More salmon spotted in Sheffield’s River Don

A walker from Sheffield has spotted more salmon in the River Don after Environment Agency announced the fish had returned after a 150 year absence.

By Molly Williams
Wednesday, 23rd January 2019, 12:54 pm
Updated Wednesday, 23rd January 2019, 12:58 pm
Mr Ward's photograph of the salmon he spotted in the River Don
Mr Ward's photograph of the salmon he spotted in the River Don

John Ward, aged 71 from Handsworth, was taking a stroll along Leveson Street on Saturday when he saw the salmon on the rocks.

He said: “I walk along the river all the time, I spotted it on the rocks and was going to dive in to get it, I’m a bit wild, but it has quite high banks.

“I’ve seen them before but couldn’t really prove it, it’s moments of glimpses.

“One of the problems is the weirs are always blocked by debris. I think if we did something about that the salmon might find it easier to get along the Don.”

The body of a 79cm salmon was also reported to the Environment Agency by a member of the public on Wednesday.

Once, the river teemed with the fish until the weirs built to power the mills blocked their path.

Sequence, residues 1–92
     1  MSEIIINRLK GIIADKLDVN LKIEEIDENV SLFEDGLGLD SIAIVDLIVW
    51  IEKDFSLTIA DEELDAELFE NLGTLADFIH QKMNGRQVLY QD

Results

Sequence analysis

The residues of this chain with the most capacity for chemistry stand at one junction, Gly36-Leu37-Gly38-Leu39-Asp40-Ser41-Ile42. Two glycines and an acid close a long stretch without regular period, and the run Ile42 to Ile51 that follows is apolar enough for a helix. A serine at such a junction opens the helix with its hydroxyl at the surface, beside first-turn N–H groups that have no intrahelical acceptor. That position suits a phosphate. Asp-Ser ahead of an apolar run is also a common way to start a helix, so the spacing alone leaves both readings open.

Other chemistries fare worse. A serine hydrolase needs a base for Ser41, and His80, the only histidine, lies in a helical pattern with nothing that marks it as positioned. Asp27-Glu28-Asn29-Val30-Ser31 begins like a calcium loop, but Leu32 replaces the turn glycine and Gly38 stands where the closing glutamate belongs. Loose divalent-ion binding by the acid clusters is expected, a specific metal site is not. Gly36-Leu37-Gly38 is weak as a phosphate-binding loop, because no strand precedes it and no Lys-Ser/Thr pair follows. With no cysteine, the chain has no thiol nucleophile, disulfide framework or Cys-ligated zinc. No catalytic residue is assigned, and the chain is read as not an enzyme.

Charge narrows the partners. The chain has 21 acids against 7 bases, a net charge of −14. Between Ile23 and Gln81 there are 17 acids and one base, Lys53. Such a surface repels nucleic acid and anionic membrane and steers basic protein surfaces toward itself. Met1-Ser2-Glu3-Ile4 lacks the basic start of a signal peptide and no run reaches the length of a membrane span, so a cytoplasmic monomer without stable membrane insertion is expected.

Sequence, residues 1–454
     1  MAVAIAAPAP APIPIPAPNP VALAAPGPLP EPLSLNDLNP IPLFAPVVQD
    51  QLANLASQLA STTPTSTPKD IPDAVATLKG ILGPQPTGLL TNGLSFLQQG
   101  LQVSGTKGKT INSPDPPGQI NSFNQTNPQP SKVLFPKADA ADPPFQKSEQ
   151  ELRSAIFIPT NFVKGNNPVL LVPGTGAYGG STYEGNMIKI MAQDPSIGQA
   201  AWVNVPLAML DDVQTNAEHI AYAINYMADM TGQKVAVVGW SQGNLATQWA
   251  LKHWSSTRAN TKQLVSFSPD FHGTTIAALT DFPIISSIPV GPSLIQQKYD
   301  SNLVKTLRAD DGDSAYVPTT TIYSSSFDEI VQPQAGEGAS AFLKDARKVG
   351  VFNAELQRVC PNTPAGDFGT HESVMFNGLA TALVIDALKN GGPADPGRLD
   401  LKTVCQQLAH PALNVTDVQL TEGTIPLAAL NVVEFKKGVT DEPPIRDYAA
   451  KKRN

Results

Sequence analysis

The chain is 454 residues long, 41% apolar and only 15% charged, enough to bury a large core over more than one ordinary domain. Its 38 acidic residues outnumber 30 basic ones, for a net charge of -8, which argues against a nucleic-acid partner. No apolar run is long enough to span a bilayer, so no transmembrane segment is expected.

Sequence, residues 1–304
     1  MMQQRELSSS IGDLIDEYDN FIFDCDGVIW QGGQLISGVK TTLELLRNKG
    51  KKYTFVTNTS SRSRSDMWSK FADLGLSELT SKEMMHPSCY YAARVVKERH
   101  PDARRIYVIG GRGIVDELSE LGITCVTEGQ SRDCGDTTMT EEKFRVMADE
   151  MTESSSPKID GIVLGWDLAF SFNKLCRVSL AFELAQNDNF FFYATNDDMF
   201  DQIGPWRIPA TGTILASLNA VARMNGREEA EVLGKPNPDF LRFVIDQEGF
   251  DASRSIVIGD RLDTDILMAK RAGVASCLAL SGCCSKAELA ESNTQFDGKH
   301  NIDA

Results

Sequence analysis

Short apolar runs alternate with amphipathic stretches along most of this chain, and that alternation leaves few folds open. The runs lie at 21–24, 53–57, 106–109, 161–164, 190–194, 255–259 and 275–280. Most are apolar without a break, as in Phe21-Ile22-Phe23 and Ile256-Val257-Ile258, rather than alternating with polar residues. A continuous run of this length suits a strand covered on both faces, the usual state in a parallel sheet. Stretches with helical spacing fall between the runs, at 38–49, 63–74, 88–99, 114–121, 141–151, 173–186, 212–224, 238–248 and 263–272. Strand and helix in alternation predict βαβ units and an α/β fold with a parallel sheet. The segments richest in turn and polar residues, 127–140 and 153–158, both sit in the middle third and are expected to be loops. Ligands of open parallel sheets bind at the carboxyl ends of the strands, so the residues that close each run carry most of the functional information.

Pollution from factories, especially during the Industrial Revolution, then made the river too dirty for salmon to survive.

In recent years, environmental regulations has led to a dramatic improvement in water quality.

Collective work by the Don Catchment Rivers Trust, Sheffield City Council, Environment Agency, Yorkshire Water and the Canal & River Trust on projects such as building water passes has improved the habitat for salmon.

Jerome Masters, fisheries technical specialist at the Environment Agency, said: “Although this individual reached the centre of Sheffield, the final two fish passes are still needed in order to re-establish a spawning population.

“Adult salmon do not feed when they enter rivers from the sea and so have only the energy reserves stored in their body with which to propel them upstream and enable them to spawn successfully.

“Salmon only leap when they have to and prefer to swim past obstructions when they have the option. Leaping risks injury and as many attempts are often needed ‘drains the fish’s batteries’ before they reach their spawning grounds.”